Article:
"You can be having a normal day when suddenly, a flood of emotions just comes over you and drowns you. Like a hand pushing you down underwater. A week later, you’re finally able to catch your breath. But the feeling is like you’ve run the longest marathon in your life.
That’s PTSD. You can’t control it. You don’t know when it comes. In my case, the trigger is a song. It reminds me of the time my mum was very sick in hospital, when she kept saying, ‘Jerry, I want to go home! Jerry, I want to go home!’ But the doctors wouldn’t allow it. Eventually, she passed away.
For years, there would be episodes when I would just cry or shake for no reason. Sometimes on the bus, sometimes in front of friends. My wife Janet would say, ‘C’mon, snap out of it!’
I guess, at the onset, she didn’t understand. But the turning point was when she agreed to meet my counsellor. She learnt there are things you don’t say to a person with depression. Things like ‘Up to you.’ or ‘Snap out of it!’
Somehow, my depression strengthened our relationship. She says, through me, she became more patient and more sensitive to people. In fact, she and I have created our own ministry, listening to others with mental health challenges and encouraging them to seek help. We encourage them to be vulnerable and open up. Because sharing how you feel helps with your healing.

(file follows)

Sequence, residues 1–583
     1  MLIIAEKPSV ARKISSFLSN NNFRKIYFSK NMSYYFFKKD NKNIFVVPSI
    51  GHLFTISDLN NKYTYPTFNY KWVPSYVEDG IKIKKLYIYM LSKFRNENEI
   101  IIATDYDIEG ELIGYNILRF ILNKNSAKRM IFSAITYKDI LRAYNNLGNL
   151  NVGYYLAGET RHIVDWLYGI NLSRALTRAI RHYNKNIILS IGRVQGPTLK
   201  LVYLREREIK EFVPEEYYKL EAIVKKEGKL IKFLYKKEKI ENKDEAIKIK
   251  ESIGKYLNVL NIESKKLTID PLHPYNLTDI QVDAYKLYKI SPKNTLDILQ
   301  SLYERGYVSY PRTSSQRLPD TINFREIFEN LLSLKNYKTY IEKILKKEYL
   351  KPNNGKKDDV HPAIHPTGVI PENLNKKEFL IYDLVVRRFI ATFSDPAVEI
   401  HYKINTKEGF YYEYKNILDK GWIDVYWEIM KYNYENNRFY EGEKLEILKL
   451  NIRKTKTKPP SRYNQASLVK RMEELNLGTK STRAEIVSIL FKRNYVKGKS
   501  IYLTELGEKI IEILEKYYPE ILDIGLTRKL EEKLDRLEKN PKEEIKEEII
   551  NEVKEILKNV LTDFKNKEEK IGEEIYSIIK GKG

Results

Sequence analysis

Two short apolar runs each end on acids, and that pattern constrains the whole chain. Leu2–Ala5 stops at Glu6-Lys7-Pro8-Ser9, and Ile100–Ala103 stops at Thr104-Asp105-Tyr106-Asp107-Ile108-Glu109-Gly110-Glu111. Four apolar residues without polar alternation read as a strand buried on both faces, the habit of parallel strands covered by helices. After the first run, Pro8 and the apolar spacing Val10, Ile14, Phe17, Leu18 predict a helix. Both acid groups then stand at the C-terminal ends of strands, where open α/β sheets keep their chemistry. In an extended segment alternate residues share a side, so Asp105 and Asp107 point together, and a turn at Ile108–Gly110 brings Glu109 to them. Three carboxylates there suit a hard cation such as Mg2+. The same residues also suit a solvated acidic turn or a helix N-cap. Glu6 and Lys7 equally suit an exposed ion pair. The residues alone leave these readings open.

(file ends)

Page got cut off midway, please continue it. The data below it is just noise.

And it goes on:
Recently, I joined Resilience Collective, an organisation that supports those with mental health issues. We are in a unique position to help because everyone on staff has struggled with a mental health condition personally.
Now, I’m in 90% recovery, though certain conversations still evoke a lot of emotions. But I believe the more it comes out, the more I will get better."
- Jeremy Chan, peer support group worker clinically diagnosed with Post-Traumatic Stress Disorder and Major Depressive Disorder.